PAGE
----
The study’s research found a sparsity of information regarding changes to the composition and volume of training over time and the impact of these changes on the incidence, severity and type of training injuries. Their aim was to assess longitudinal changes in volume and type of training, and to explore the effect of these changes on training injury over eleven seasons.

Over the 11 season they demonstrated that match injuries are often the result of unpredictable game events and hence difficult to prevent, training is conducted in a largely controlled environment and it may be considered easier to reduce injuries in this environment

The study suggests that to reduce the overall time loss associated with injury in rugby union, the focus of these efforts may be best placed in training, compared with match-play.

The practical implications of this study are evident for both practice and policy. In practice, this data can be used by clubs to identify differences between themselves and that of elite rugby union clubs in England, in both the volume of training completed as well as the injury patterns they see.

Future studies are needed to establish the exact nature, methodologies, intensity and composition of full contact training, given its high incidence of injury. Developing a greater understanding of the mechanisms driving the increase in injury severity is warranted to reduce the overall burden of injury from training.

This study provides the largest and most comprehensive view of training volume and training injury in professional rugby union.  Results provided season variations which are apparent, the volume of training did not change between 2007/08 and 2017/18.

To ready the full study and make your own conclusions click on the link Patterns of training volume

Visual Feedback attenuates mean concentric Barbell Velocity loss and improves motivation…

Infographic from the NSCA.

Athletes may benefit from receiving visual feedback of kinematic outcomes during training periods, particularly when (1) training quality is of importance, (2) training volume is high, or (3) motivation is low.

This study examined the effects of visual kinematic feedback during the back-squat exercise.

Review – Recent Articles on Artificial Grass Pitches (AGP)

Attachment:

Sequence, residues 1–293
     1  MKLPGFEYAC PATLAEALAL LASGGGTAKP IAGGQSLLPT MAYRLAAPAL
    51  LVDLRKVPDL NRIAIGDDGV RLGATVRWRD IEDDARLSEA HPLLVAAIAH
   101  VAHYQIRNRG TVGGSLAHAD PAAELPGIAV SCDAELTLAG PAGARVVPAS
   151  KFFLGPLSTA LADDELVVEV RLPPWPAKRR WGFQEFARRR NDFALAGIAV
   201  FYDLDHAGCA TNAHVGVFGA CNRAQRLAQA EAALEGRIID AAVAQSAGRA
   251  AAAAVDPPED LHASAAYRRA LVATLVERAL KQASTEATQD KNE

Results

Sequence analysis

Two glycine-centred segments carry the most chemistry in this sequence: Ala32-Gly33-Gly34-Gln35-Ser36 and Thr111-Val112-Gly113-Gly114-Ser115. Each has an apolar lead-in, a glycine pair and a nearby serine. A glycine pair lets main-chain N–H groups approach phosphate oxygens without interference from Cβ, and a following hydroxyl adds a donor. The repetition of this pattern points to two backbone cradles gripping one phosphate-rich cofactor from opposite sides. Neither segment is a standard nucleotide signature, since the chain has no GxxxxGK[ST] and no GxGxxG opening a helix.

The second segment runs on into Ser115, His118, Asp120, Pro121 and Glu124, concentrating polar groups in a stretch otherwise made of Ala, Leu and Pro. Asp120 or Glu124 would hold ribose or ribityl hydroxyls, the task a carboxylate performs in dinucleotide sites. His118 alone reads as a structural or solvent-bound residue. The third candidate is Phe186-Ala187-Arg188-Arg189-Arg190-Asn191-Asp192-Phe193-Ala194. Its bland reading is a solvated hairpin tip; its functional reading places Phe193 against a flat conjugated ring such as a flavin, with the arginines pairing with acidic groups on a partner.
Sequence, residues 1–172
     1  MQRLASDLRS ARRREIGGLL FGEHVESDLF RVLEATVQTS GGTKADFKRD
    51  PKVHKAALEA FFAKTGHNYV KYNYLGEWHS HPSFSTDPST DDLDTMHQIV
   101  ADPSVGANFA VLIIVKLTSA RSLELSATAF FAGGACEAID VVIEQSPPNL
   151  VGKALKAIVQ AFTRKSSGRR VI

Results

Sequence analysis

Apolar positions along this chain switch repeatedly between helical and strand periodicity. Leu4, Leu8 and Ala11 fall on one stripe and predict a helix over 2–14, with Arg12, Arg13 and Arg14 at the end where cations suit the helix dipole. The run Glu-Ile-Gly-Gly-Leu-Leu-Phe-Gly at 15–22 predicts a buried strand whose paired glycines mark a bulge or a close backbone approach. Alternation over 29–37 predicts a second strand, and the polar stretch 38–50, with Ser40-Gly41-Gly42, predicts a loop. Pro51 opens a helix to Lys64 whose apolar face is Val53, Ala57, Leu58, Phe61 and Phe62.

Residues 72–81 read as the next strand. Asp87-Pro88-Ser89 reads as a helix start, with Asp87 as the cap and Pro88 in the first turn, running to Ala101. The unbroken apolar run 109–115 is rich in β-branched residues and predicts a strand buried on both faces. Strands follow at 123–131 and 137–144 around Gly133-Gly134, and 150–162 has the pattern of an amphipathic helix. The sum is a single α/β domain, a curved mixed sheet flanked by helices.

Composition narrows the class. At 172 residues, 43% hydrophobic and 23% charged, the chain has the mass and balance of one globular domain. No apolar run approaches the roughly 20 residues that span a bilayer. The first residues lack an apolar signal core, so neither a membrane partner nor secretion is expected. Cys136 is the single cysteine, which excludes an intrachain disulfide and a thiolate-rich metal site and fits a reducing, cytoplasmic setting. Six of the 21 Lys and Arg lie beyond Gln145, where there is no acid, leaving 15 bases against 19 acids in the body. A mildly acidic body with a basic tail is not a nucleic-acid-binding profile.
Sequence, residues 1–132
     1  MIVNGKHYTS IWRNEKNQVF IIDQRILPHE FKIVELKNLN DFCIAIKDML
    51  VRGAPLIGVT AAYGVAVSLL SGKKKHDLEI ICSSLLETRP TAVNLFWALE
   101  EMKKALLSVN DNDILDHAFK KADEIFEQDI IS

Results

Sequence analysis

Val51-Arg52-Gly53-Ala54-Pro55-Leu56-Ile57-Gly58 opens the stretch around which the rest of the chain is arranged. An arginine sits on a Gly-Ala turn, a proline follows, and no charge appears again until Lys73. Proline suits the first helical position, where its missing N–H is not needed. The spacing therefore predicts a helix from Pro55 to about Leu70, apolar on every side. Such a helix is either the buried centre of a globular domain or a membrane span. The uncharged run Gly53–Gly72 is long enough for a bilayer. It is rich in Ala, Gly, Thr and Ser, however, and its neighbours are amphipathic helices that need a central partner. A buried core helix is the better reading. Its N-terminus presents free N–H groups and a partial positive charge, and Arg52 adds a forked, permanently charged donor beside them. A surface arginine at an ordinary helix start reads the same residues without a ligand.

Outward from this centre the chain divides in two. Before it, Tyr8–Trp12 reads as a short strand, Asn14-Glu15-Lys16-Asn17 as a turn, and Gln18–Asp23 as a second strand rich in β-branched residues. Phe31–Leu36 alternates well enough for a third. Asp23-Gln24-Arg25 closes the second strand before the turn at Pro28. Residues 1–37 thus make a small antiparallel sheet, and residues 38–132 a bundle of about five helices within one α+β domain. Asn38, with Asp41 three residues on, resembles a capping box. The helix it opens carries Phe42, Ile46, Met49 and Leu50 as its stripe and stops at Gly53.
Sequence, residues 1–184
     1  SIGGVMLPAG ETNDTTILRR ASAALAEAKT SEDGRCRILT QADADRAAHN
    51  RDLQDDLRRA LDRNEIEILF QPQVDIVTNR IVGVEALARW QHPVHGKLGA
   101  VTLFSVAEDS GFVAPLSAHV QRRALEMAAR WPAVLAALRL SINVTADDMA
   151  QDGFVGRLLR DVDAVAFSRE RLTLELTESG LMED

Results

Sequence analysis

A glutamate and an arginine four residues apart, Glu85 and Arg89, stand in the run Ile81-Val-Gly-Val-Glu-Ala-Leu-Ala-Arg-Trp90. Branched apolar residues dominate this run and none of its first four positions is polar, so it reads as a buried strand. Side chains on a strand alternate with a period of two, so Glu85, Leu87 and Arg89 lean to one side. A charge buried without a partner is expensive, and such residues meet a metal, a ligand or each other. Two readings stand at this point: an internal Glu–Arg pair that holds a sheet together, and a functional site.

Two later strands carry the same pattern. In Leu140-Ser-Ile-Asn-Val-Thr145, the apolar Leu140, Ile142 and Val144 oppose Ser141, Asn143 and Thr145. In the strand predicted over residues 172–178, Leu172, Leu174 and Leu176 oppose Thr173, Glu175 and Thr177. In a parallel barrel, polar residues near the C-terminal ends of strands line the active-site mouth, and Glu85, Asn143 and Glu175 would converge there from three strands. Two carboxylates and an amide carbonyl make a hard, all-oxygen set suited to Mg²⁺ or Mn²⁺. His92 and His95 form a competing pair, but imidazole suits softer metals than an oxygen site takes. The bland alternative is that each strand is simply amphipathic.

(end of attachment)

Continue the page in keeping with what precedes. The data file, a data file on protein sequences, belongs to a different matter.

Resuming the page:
Recently my local Rugby club among others were been supported by England Rugby in its investment in artificial surfaces and installed a 4th Generation pitch (Artificial Grass Pitch), across the sport of Rugby union playing and training venues are increasing across the UK, unfortunately little is known about the likely associated injuries and player welfare consequences.

The following studies examined the effect that playing surface had on injury types and rates of professional rugby union clubs and played their home matches on artificial surfaces. to continue reading See attached PDF

A Tactical Periodization Approach for Rugby Union

By Jason C. Tee, PhD, Michael Ashford, MSc, and David Piggott, PhD
Institute for Sport, Physical Activity and Leisure, Leeds Beckett University, Leeds, West Yorkshire, United Kingdom

This is one of the most interesting papers I have come across concerning periodization in Rugby Union. Not many papers on the subject.


Figure 4. Proposed structure of a tactical periodization training week for rugby.`
Figure 5. Roles of technical/tactical and strength and conditioning coaches in
collaborative planning for tactical periodization.

Author’s Conclusion
The idea of Tactical Periodization has been made popular recently by a number of high-profile soccer coaches and, with Jones’ recent work, seems to be making its way into rugby union. However, very few reports of Tactical Periodization currently exist, and only scant material is available for coaches interested in application. In this article, we have therefore tried to show how Tactical Periodization can be applied in rugby union to help coordinate long-term planning, improve the relevance and efficiency (specificity) of training, and prepare players more effectively for competition.

Top 14 – Finally the end of the pounds

By Jeremy Fadat via Midi Olympique

Interesting S&C and Nutrition Article, Less hypertrophy more Strength and Anaerobic Power. translated from the French, reading between the lines some of this is targeting the stretchshortening cycle (SSC) Article in English  Original Article can be found here